Tuesday, June 9, 2009

Preparing for every day: Purse

Yesterday, I wrote about preparedness and the goal of being prepared the exact right amount. Here are some suggestions of what to keep on hand to have a prepared purse (or satchel).

(It doesn't count as prepared if you can't find what you are looking for!)

The 8 things that should be in every purse:

  • lip balm
  • Emery board
  • tissues
  • ONE place that keys always go
  • ONE place that a cell phone always goes
  • id/wallet/billfold that has a stash of emergency cash for parking etc.
  • feminine products” (even if you don’t need them, you’ll be able to come to a friend’s rescue once in a while)
  • chocolate (or something else to nibble on when stuck in traffic. I like Tootsie Rolls because they don't melt)

That is my no means all I have in my purse, but these eight things we use all the time, need almost every day, and are real time savers when we have them at our fingertips. However, a purse (or briefcase or satchel or man-bag) is practically a sacred space and I’m sure there are things you must have in yours that wouldn’t occur to me to have in mine. What must-have preparedness item do you have in your bag? Matches? Band-aids? Share in the comments.

Creative Commons purse photo 1 posted to flickr by eyesogreen

Creative Commons purse photo 2 posted to flickr by all of olive

Lelah Baker-Rabe is a Los Angeles-based professional organizer. To discuss your organizing needs, call her at 818.269.6671 or email lelah@lelahwithanh.com

Monday, June 8, 2009

Preparing for every day: Desk drawer

Part of leading an organized life is being prepared for life. Having what you need means not having to spend extra time and money scrambling to be ready for some event—whether the event is planned or unforeseen. The trick here is to be prepared appropriately, trying not to be overprepared (which can cause overspending, clutter and stress) or underprepared (which can cause overspending, clutter and stress). Of course, since, we can never know exactly what the future holds, we just have do our best to hit that sweet spot of preparedness. I’ve written about the things you should do to prepare for an emergency. Here’s a slightly smaller list, the first in series, of things that will help you be better prepared for the eventualities of every day.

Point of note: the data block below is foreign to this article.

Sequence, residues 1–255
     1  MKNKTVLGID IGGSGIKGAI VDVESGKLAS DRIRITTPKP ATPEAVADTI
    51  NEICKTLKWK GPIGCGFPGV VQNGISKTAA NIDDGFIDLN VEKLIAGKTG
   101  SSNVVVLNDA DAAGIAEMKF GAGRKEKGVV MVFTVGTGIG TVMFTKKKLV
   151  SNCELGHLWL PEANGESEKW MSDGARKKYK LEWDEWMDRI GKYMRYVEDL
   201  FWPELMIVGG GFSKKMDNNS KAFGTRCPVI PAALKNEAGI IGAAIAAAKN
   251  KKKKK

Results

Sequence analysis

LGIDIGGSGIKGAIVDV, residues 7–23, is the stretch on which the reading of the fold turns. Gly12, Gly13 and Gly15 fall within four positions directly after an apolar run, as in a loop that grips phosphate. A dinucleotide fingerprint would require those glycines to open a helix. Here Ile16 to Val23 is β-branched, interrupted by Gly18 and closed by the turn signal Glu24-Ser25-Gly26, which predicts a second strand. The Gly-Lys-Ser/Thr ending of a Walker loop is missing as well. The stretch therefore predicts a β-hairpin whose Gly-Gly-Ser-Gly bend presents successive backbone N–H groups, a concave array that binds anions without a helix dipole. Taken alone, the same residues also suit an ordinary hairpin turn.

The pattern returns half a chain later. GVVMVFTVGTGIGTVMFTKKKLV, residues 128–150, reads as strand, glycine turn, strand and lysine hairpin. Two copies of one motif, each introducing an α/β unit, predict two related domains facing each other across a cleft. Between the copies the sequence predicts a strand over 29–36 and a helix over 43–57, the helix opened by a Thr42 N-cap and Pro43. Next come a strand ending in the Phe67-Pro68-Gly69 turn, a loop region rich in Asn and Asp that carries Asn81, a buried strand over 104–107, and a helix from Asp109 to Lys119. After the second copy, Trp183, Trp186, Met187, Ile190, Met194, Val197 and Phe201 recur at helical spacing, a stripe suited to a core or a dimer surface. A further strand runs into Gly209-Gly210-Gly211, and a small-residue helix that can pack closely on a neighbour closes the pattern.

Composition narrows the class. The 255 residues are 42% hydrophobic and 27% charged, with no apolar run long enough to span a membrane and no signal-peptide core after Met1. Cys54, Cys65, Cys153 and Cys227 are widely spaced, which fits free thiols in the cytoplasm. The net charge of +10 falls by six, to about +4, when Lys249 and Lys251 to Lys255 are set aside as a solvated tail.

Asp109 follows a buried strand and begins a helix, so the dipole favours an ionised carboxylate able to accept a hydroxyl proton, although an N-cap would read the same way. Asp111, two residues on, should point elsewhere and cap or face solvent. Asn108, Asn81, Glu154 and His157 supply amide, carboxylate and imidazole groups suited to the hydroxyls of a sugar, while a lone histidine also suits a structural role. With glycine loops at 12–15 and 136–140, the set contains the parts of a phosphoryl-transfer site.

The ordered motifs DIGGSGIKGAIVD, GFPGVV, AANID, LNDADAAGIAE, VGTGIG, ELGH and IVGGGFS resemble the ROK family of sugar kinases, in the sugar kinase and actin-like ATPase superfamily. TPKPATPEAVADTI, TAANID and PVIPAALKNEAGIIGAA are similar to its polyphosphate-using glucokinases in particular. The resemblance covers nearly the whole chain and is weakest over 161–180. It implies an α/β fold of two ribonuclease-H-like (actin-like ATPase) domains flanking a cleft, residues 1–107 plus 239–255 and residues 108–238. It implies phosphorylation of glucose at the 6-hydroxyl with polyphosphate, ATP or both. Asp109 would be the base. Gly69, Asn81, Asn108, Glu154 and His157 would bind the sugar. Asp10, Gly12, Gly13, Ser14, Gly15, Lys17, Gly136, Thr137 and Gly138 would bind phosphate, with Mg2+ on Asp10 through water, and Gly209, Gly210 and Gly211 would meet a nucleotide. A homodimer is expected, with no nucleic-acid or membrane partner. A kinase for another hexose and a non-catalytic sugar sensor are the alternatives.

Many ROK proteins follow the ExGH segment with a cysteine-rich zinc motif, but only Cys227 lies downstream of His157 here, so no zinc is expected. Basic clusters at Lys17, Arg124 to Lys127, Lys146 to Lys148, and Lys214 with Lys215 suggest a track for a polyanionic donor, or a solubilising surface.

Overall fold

This drawer is pretty organized and has a bunch of the recommended items.

The 12 things that should be in every top desk drawer:

These are the things we use all the time, need almost every day, and are real time savers when we have them at our fingertips. Trying to keep only those items we use every day will make it easier to find things . I’m sure there are other tools you swear by in your desk drawers. Feel free to add more in the comments.

Creative Commons desk drawer photo posted to flickr by Mickelodeon

Lelah Baker-Rabe is a Los Angeles-based professional organizer. To discuss your organizing needs, call her at 818.269.6671 or email lelah@lelahwithanh.com

Wednesday, June 3, 2009

How to organize recipes: part three

Now that our cookbooks and paper recipes are neatly organized, we turn to...

Electronic Recipes

Recipes can be saved on the computer in a variety of ways. They can exist as a document file or pdf, in the form of recipe database software, or as a bookmark that takes you to a favorite recipe posted on a website like epicurious.com or foodnetwork.com. Though these types of recipes are not exactly cluttering your space, a given recipe can be even more difficult to find on the computer than among paper recipes shoved in a drawer. 

Retrievability is the most important thing for electronic information. Here are the main things to keep in mind:

  • Database-style recipe programs will have their own search feature built in, and you shouldn’t have a problem finding a recipe that way. 
  • File-based recipes saved as documents should be labeled appropriately and stored in a recipe folder. How you label and nest your files and folders is up to you, but try to have them mirror your hard copy categories (discussed in the Loose Recipes post) as much as possible.
  • The document file itself should be titled the way you would look for the recipe, with as many pertinent keywords as you can fit. You should be able to visually scan your recipe folder and find the file you are looking for. For instance, a particular potato salad recipe might be called Potato Salad Mom's Low-Fat Recipe to tell you exactly which potato salad recipe it is.
  • If you save one long document with all of your recipes one right after another, you can use the search feature of your word processing program (command- or control-f) to find the recipe you are looking for. (I find this method gets unwieldy and don't use it).